As Olivia Colman’s name was read out for the Best Actress Oscar, British hearts exploded with pride. Our Sophie from Peep Show had won top gong – the first British woman to do so since Kate Winslet in 2009. And she didn’t let us down with her humble, hilarious and tear-jerking “oh so Olivia Colman” acceptance speech.
She may have only just captured hearts worldwide with her incredible performance as Queen Anne in The Favourite, but a generation of us have always known she was destined for stardom, ever since she made us snort with laughter in the show that brought us the Mummy the dog incident and “suck mummy’s finger”.
She first came into our lives in September 2003 (yes, nearly 16 years ago!) when episode one of the cult British sitcom Peep Show arrived on Channel 4.
Sophie, played by Olivia, was introduced as Mark’s (David Mitchell) work crush. If you haven’t watched Peep Show yet (you can, and should, on Netflix) then I warn you now, the rest of this blog contains SPOILERS.
The first scene that I remember making me snort with laughter was when Mark decides not to tell Sophie she’s sitting on his hand during a particularly awkward bus ride.
You may think Olivia showcased her expressive face in The Favourite, but wait until you see the close-ups in Peep Show, she’s been putting in Oscar-worthy performances for years – from that horrified look when she sees Mark chasing off children with a metal pole in the street in the first episode, to her crying all the way through their wedding in Series four (told you there were spoilers).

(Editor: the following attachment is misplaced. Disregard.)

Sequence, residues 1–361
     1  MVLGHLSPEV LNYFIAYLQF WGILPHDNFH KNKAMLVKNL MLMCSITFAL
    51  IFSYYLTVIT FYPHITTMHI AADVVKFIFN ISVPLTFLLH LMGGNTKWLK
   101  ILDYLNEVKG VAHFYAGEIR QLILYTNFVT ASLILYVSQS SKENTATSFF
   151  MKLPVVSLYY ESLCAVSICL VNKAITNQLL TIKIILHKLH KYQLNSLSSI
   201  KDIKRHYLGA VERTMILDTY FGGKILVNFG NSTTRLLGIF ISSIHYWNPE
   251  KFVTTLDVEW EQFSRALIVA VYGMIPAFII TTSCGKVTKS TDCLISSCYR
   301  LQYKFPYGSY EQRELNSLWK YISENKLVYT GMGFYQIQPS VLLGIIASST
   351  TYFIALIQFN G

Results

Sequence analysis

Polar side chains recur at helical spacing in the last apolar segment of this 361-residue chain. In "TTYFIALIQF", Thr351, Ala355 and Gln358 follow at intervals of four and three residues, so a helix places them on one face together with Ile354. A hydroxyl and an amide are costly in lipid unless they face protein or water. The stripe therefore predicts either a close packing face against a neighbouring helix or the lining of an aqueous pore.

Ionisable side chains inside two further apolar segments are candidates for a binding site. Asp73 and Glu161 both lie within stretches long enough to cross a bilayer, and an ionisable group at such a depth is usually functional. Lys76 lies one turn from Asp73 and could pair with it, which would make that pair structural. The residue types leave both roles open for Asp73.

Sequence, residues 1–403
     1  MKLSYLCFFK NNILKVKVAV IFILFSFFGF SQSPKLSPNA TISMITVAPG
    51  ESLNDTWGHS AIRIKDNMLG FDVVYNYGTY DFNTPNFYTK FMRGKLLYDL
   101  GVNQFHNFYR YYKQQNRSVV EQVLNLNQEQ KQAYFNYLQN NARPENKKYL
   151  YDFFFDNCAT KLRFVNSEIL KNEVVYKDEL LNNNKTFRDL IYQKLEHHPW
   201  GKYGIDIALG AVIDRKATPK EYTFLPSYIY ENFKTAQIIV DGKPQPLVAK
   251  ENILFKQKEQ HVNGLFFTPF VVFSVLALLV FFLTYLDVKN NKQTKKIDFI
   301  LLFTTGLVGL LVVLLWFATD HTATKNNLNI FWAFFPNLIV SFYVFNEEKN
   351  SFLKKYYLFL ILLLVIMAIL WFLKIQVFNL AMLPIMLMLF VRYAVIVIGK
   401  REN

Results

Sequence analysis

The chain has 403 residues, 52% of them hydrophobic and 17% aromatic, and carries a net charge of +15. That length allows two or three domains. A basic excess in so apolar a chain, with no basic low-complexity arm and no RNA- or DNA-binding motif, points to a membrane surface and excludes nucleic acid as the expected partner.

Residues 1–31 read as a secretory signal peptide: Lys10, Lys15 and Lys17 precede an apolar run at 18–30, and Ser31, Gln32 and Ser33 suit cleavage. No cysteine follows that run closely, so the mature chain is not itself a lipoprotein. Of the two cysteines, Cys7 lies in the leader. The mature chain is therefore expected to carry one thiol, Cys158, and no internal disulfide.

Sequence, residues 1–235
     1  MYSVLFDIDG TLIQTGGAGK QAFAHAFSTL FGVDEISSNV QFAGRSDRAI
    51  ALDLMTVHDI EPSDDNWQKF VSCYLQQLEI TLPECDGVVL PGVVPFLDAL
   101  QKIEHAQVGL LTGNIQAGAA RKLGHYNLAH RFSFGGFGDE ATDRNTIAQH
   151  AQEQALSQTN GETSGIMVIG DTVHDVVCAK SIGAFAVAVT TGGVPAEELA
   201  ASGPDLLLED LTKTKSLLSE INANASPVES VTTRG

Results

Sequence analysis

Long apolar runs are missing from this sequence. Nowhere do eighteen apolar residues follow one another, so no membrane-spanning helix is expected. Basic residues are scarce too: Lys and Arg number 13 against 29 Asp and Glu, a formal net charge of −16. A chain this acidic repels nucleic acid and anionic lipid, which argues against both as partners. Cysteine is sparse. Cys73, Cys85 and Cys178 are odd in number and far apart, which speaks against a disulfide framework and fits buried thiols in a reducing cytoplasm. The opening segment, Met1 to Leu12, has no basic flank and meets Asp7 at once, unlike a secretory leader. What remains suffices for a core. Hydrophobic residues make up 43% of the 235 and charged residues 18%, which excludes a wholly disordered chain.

Sophie, like Queen Anne, was a hilarious, multi-faceted character and Olivia breathed humour into every part of her. She was sometimes sneaky (the job application and “discovering” the engagement ring), often sassy, strong, spiritual (yep, she was responsible for the Rainbow Rhythms invite), irresponsible, spoilt (Nana’s cottage – and the Happy Birthday down-the-stairs hat dance), not to forget kind and thoughtful.
The Favourite might have included some exposing sex scenes, but over the course of nine series, Olivia laid the groundwork for her Oscar-winning performance. She navigated not only several excruciatingly awkward sex scenes, but heartbreak, being cheated on and childbirth – all similar themes to her recent blockbuster. She also got high at work and battled alcoholism. Mark covering her in coloured balls at the soft play was darkly funny.
Olivia, like David Mitchell and Robert Webb – who were the lead characters Mark and Jez, broke the conventions of the one-dimensional sitcom character, with so many very human layers.
And it’s those human layers that underpin every character I have seen Colman play, which is perhaps a reflection of how human and down-to-earth she seems IRL. I hate to admit I have never watched Broadchurch, but standout Colman performances for me include Hannah in Tyrannosaur, Deborah in Flowers and the evil godmother in Fleabag. And we have so much more of her to look forward to with Fleabag season two and The Crown season three, in which she plays the Queen.
She said to her kids in her speech: “This is not going to happen again.” But I for one hope it does. So Hollywood, watch this space.